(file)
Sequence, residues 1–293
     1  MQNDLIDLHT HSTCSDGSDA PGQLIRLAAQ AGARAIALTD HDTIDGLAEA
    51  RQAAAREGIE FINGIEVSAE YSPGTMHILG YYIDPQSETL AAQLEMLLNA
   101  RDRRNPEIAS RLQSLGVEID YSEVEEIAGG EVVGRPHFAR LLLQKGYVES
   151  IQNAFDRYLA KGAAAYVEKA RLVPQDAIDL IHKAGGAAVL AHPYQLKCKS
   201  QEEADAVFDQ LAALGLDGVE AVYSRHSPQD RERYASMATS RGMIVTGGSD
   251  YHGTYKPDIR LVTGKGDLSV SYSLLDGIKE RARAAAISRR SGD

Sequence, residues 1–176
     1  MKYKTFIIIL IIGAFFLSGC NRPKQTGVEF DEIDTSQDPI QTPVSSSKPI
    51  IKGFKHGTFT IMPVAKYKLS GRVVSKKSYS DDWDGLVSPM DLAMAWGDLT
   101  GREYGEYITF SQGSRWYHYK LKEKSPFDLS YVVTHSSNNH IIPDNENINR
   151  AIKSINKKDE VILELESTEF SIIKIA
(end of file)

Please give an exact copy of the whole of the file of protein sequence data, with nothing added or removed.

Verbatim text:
Sequence, residues 1–293
     1  MQNDLIDLHT HSTCSDGSDA PGQLIRLAAQ AGARAIALTD HDTIDGLAEA
    51  RQAAAREGIE FINGIEVSAE YSPGTMHILG YYIDPQSETL AAQLEMLLNA
   101  RDRRNPEIAS RLQSLGVEID YSEVEEIAGG EVVGRPHFAR LLLQKGYVES
   151  IQNAFDRYLA KGAAAYVEKA RLVPQDAIDL IHKAGGAAVL AHPYQLKCKS
   201  QEEADAVFDQ LAALGLDGVE AVYSRHSPQD RERYASMATS RGMIVTGGSD
   251  YHGTYKPDIR LVTGKGDLSV SYSLLDGIKE RARAAAISRR SGD

Sequence, residues 1–176
     1  MKYKTFIIIL IIGAFFLSGC NRPKQTGVEF DEIDTSQDPI QTPVSSSKPI
    51  IKGFKHGTFT IMPVAKYKLS GRVVSKKSYS DDWDGLVSPM DLAMAWGDLT
   101  GREYGEYITF SQGSRWYHYK LKEKSPFDLS YVVTHSSNNH IIPDNENINR
   151  AIKSINKKDE VILELESTEF SIIKIA